Infants’ center bias in free viewing of real-world scenes

Daan R. van Renswoude*, Linda van den Berg, Maartje E.J. Raijmakers, Ingmar Visser

*Corresponding author for this work

Research output: Contribution to JournalArticleAcademicpeer-review

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This study examines how salience and a center bias drive infants’ first fixation while looking at complex scenes. Adults are known to have a strong center bias, their first point of gaze is nearly always in the center of the scene. The center bias is likely to be a strategic bias, as looking towards the center minimizes the distance to other parts of the scene and important objects are often located at the center. In an experimental design varying salience regions of scenes and start positions we examined infants’ (N = 48, Age = 5–20-month-olds) first fixation after scene onset. The pre-registered hypothesis that infants also have a center bias while looking at real-world scenes was confirmed. The strength of the center bias is correlated with the saliency distribution such that the bias is weaker when the strongest salience is peripheral rather central. In the absence of clear salient regions there still was a strong center bias. These results suggests there is a competition between stimulus-driven factors and a center bias in steering attention from a young age onwards.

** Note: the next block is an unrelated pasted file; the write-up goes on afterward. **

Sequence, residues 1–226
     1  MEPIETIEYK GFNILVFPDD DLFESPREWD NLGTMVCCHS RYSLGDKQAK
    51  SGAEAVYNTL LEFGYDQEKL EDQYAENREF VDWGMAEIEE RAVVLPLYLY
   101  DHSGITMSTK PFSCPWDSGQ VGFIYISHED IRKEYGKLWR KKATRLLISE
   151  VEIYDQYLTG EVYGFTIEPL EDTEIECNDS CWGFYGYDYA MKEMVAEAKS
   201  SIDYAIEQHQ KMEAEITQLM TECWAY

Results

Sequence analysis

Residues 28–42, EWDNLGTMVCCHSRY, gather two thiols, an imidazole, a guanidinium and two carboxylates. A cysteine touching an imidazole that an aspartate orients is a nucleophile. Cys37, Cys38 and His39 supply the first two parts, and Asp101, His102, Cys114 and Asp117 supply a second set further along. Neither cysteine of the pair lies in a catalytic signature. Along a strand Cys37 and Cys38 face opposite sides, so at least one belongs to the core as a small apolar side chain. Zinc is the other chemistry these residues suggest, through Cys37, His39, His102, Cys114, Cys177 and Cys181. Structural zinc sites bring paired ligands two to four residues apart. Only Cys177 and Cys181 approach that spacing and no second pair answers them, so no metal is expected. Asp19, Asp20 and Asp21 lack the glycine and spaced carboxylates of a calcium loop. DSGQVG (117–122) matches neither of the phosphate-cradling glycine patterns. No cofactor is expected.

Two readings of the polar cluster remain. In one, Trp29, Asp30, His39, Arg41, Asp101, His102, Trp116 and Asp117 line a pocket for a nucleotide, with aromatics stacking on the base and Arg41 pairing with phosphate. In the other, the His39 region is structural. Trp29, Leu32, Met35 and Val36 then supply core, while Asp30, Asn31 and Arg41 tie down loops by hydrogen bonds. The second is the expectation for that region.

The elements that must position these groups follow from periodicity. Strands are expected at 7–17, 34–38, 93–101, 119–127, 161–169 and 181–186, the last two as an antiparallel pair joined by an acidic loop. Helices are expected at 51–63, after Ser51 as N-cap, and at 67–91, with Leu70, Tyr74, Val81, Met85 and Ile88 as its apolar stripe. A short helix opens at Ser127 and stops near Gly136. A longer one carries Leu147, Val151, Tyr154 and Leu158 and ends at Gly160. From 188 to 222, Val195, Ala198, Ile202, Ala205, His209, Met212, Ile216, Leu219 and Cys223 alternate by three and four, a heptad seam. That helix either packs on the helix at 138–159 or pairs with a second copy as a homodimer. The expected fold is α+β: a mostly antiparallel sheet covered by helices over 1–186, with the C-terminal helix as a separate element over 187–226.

Original languageEnglish
Pages (from-to)44-53
Number of pages10
JournalVision Research
Publication statusPublished - 1 Jan 2019


  • Center bias
  • Infant eye movements
  • Scene perception
  • Visual attention


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